In the increasingly down and dirty campaign for the keys to the mayor's office, Lexington Vice Mayor Jim Gray has a narrow lead according to a new Kentucky Poll.
The poll found 44 percent of likely voters plan to vote for the vice mayor over current Mayor Jim Newberry, who was the choice of 40 percent of those polled. Sixteen percent remain undecided.
“Obviously both candidates have every incentive to work hard over the next ten days or so to galvanize their known supporters and to sway those who still remain undecided,” says WKYT political editor Bill Bryant.
Commissioned by WKYT and The Lexington Herald-Leader, Mason-Dixon Polling & Research of Washington, D.C., interviewed 500 registered Fayette County voters on Monday and Tuesday about what has turned into the most expensive Lexington mayor’s race ever.
Vice Mayor Gray scored best among women and Independents. While Gray's slightly ahead among all voters, he and Newberry are essentially neck-and-in-neck among men, Democrats and Republicans.
The Kentucky Poll also asked those interviewed to give a report card on how the mayor and vice mayor are going in their current jobs. Forty-seven percent said they approve of how Newberry has handled his job as mayor over the past four years. Thirty-four percent disapproved and 19 percent weren't sure.
Vice Mayor Jim Gray scored a 48 percent approval rating, 24 percent disapproved of the job he's done as vice mayor, and 28 percent said they weren't sure on how to rate Gray.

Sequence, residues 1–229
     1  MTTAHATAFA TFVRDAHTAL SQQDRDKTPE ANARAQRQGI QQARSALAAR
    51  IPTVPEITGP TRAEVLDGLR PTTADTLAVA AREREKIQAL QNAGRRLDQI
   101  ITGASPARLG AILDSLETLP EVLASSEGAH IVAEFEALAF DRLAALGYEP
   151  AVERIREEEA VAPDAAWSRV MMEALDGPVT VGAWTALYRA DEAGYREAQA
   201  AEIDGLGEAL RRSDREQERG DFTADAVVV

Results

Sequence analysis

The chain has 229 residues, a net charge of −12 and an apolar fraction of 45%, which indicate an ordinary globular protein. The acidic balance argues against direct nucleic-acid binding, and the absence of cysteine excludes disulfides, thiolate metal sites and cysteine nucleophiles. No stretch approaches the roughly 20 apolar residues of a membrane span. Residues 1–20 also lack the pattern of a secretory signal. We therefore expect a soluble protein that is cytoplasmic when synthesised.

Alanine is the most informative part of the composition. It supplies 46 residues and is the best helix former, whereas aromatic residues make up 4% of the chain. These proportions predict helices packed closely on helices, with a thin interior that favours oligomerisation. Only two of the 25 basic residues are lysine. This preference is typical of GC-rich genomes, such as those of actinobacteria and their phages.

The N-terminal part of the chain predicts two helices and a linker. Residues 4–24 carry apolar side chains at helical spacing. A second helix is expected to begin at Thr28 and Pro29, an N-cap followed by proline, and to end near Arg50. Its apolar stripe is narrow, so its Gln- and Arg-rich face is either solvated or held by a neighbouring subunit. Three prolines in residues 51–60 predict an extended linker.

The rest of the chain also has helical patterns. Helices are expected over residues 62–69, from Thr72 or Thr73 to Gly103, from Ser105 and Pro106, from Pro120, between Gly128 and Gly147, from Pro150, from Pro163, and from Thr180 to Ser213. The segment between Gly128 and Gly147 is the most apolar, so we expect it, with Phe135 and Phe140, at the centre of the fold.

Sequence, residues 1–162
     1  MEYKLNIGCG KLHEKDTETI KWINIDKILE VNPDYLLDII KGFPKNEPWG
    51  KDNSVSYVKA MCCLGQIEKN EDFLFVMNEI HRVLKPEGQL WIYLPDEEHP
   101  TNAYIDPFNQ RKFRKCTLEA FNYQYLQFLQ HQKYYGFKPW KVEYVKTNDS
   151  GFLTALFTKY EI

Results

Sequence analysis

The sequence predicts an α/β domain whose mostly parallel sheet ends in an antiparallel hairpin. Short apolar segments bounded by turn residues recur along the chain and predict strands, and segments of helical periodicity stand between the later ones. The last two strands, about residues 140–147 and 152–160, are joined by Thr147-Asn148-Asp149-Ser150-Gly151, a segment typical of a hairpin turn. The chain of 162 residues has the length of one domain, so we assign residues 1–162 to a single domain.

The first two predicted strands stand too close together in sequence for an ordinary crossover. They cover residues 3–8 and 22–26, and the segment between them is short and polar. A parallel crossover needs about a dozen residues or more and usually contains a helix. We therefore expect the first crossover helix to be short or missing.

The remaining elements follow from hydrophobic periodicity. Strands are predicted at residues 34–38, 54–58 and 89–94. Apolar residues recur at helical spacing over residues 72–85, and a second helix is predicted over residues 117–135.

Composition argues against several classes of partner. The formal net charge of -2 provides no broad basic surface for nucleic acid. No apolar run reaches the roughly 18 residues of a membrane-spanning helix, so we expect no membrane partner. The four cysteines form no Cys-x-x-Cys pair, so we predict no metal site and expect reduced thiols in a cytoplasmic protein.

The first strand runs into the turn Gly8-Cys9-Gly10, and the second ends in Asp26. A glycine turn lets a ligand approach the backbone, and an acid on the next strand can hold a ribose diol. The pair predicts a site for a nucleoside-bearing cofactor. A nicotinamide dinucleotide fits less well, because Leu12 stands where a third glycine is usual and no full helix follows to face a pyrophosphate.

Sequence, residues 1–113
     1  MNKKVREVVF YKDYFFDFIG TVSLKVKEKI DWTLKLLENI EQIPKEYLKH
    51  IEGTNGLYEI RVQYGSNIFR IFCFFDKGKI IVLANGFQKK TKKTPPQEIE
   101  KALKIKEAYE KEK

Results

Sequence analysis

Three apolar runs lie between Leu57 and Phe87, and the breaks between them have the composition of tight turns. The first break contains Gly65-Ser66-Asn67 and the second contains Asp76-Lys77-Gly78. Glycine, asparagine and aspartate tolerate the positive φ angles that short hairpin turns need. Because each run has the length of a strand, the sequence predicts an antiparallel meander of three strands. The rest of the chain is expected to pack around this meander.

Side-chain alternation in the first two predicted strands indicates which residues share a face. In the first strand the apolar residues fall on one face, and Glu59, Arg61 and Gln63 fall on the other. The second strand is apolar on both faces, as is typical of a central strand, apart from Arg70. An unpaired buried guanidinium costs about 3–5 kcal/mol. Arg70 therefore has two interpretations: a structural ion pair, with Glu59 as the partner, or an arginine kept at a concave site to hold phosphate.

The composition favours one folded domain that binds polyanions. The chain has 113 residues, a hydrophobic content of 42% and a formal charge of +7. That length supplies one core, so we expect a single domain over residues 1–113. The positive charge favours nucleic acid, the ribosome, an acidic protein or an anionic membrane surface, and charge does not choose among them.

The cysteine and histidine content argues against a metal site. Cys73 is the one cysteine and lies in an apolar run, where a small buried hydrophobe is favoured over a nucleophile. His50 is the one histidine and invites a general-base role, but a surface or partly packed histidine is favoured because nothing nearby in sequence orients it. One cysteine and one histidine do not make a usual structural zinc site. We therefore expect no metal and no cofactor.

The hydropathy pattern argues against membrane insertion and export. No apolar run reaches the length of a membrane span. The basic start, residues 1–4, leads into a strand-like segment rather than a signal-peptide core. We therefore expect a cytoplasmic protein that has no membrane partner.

The two men who want to become Lexington's next mayor matched wits again Wednesday night in another debate.
Current mayor Jim Newberry and Vice Mayor Jim Gray met again on UK's campus and discussed a lot of issues including negative campaign ads.
With less than two weeks to go, the Lexington mayoral race has become increasingly heated. While both candidates seem to regret the negativity, they also seem to accept it as unavoidable.
"It is not my preference, but when you're attacked repeatedly as I have been in this race, you have to stand up and defend yourself," Mayor Newberry said during a debate Wednesday sponsored by the Lexington League of Women Voters and the UK Scripps Howard First Amendment Center.
"People say, well we don't like the negative," Vice Mayor Gray said. "The truth is that a lot of issues get elevated in this process."
During a debate Wednesday and throughout the campaign, Gray and Newberry have drawn clear distinctions between themselves citing familiar disagreements over the CentrePointe development and the city's dealings with Kentucky American Water and its proposal to increase water rates.
"He has been there for almost four years as Vice Mayor. What has he done to implement those things that he has been talking about tonight?" Newberry said to attendees at Wednesday’s debate.
"He speaks about others responsibilities, and that itself is irresponsible," Gray said.
The Kentucky Poll was conducted on behalf of WKYT and The Lexington Herald-Leader by Mason-Dixon Polling & Research, Inc. of Washington, D.C. from October 18-19. A total of 500 registered Fayette County voters were interviewed by telephone. All said they were likely to vote in the November general election. Those interviewed were selected by the random variation of the last four digits of telephone numbers. A cross-section of exchanges was utilized in order to ensure an accurate reflection of the county.
The margin for error, according to standards customarily used by statisticians, is no more than plus or minus 4.5 percentage points. This means that there is a 95 percent probability that the "true" figure would fall within that range if the entire population were sampled. The margin for error is higher for any subgroup, such as a gender or regional grouping.